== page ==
One family will get the chance to drive around Sweden in full-autonomy.
Volvo is rolling out its autonomous program slowly but surely, hoping to have a "full autopilot" option on all of its cars by 2021. In the first of what we can only assume to be many initial testing phases, the company has given one family in Gothenburg, Sweden, the chance to experience that full autonomy firsthand.
The Hain Family will take part in the real-life autonomous drive research program. It will involve real cars in real traffic situations. Volvo’s unique approach hopes to "define the technology based on the role of the driver – not the other way around."
The Drive Me Project consists of a number of different companies working together with a goal to develop the most advanced and extensive real-life autonomous drive project available today. All said and done, the project hopes to have as many as 100 autonomous cars on the road in and around Gothenburg, Sweden, London, and China by 2021, driven by real people like the Hain family.
"We want to learn more around how people feel when they engage and disengage autonomous drive, what the handover should be like, and what sort of things they would do in the car when it’s driving them to their destination," said Henrik Green, Senior Vice President, Research and Development at Volvo Car Group.
The autopilot technology uses an existing version of the Pilot Assist system available on cars like the XC90, S90, and V90. A series of cameras and a front-mounted Light Detection and Ranging (LIDAR) sensors enables to car to drive itself completely with no human interference.
The project is still in the early stages, but Volvo hopes the knowledge learned will allow it to introduce its first fully autonomous car to consumers by 2021.
Gallery: Volvo XC90 Drive Me: Detroit 2017
Volvo Cars, the premium car maker, has revealed its distinctive approach to developing autonomous cars with the introduction of a family of four at the Detroit Motor Show.
The Hain family, from Gothenburg in Sweden, are the first people chosen to take part in a real-life autonomous drive research program using real cars, in real traffic.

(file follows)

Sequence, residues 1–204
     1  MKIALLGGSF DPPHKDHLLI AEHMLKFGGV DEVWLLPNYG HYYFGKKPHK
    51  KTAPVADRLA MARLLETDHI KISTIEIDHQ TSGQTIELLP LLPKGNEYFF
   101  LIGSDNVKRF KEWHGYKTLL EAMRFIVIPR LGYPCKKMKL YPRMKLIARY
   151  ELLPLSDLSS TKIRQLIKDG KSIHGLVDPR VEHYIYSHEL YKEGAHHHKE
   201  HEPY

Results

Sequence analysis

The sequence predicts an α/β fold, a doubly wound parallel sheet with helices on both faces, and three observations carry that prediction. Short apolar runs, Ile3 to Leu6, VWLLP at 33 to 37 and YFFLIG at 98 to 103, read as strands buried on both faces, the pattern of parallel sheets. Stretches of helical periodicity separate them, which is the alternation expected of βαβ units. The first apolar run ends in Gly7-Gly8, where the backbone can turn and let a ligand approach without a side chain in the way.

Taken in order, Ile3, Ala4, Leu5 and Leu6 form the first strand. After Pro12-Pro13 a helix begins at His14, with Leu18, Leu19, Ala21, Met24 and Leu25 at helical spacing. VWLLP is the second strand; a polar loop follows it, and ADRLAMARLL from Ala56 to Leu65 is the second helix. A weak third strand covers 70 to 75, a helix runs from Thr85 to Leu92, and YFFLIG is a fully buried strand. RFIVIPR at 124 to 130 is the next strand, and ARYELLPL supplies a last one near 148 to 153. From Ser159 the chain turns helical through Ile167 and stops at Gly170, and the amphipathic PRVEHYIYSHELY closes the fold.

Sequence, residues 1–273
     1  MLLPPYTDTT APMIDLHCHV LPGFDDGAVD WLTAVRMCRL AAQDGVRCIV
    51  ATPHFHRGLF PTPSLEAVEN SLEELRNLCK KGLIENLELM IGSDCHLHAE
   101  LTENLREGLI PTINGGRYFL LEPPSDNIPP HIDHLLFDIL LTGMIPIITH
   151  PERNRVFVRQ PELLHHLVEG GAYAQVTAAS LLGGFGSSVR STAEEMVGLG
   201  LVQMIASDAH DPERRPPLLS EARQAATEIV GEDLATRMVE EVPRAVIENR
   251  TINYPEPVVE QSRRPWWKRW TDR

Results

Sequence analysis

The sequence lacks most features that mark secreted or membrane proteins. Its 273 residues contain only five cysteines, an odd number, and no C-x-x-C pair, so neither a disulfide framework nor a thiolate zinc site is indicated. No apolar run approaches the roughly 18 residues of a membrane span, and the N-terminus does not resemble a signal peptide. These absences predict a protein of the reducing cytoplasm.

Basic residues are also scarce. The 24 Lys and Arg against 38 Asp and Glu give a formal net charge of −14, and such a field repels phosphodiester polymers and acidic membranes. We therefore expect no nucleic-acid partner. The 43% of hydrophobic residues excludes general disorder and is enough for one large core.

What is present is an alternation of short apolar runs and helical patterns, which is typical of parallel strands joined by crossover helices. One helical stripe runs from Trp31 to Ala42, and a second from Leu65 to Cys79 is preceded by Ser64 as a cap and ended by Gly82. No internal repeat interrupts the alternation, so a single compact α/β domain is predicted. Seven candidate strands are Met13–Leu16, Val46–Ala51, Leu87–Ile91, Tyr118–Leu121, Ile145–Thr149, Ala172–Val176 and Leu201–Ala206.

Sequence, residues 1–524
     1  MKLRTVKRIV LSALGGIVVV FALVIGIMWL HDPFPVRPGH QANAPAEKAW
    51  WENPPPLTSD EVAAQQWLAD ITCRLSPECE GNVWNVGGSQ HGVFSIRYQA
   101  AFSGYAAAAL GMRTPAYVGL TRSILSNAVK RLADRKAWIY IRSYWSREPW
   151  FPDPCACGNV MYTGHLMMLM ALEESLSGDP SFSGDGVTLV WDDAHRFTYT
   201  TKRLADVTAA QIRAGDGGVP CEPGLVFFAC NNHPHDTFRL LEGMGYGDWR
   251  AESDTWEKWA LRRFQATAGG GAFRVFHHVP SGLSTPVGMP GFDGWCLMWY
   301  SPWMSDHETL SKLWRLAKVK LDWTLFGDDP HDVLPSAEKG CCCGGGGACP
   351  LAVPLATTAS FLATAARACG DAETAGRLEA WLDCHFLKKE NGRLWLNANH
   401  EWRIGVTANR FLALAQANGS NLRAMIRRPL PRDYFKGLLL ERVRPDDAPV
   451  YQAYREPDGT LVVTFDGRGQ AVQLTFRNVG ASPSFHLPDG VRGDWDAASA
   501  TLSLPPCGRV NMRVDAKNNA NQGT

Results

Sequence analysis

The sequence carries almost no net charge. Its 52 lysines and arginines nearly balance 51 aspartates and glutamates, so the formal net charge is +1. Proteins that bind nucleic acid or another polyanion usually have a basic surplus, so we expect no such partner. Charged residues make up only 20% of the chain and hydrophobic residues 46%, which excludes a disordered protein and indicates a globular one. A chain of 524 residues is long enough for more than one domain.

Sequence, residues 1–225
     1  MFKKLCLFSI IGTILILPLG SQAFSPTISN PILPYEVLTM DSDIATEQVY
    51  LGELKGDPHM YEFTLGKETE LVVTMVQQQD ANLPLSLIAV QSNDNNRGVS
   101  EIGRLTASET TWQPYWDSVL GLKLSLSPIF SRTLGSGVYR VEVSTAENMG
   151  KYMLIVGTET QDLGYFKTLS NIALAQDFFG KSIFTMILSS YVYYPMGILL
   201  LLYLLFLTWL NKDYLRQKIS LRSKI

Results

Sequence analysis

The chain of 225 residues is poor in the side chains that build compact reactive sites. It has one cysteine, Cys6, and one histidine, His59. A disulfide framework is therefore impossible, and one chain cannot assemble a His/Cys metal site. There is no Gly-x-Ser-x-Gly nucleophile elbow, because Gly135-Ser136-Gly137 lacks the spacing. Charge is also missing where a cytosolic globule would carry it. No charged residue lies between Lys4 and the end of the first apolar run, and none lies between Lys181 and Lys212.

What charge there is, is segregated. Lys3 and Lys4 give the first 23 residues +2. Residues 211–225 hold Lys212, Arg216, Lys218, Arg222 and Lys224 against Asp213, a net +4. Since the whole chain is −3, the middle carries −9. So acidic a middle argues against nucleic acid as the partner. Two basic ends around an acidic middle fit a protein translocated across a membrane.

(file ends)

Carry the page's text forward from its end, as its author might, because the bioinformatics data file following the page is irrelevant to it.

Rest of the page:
“We do things differently at Volvo Cars – we always have,” said Håkan Samuelsson, President & CEO, Volvo Car Group. “Our main focus has always been on people and making their lives easier. Technology should improve the consumer experience making mobility safer, sustainable and more convenient.”
Volvo Cars believes that in the rush to deliver fully autonomous cars, many car makers are forgetting the most important ingredient: the people that will use them. Volvo’s unique approach is to define the technology based on the role of the driver – not the other way around.
“The aim of the Drive Me research project is to focus on how to enhance people's lives and have a positive impact on society. We take a holistic rather than a purely technical approach to our research and development processes. No one else to our knowledge is developing autonomous drive from a human-centric standpoint,” said Henrik Green, Senior Vice President, Research and Development at Volvo Car Group.
The Drive Me project is a collaborative research program consisting of several players from public, private and academic fields. It is probably the most advanced, ambitious and extensive real-life autonomous drive project in existence. The project will see up to 100 autonomous cars on the roads around Gothenburg, Sweden, home to Volvo Cars, driven by real people, in real traffic during 2017. The project is set to expand to other cities around the world in the near future.
“We want to learn more around how people feel when they engage and disengage autonomous drive, what the handover should be like, and what sort of things they would do in the car when it’s driving them to their destination,” added Henrik Green.
The Swedish car maker, a leading partner in the Drive Me research project, aims to have its first fully autonomous car on the market by 2021.
Volvo Cars provided a vision of what autonomous cars could deliver with Concept 26, revealed in 2015. More recently the company has partnered with ride-sharing company Uber to develop base technology for autonomous cars and has launched a joint venture with leading automotive safety supplier Autoliv, called Zenuity aimed at developing benchmark autonomous drive software and safety solutions for OEMs.
Volvo Cars also announced preliminary full year sales figures at the Detroit Motor Show, reflecting the continued growth that the premium car maker is achieving, and restated its commitment to further growing the brand in the United States, where a new Volvo car plant will begin production in 2018, creating over 4,000 new American jobs in Charleston, South Carolina.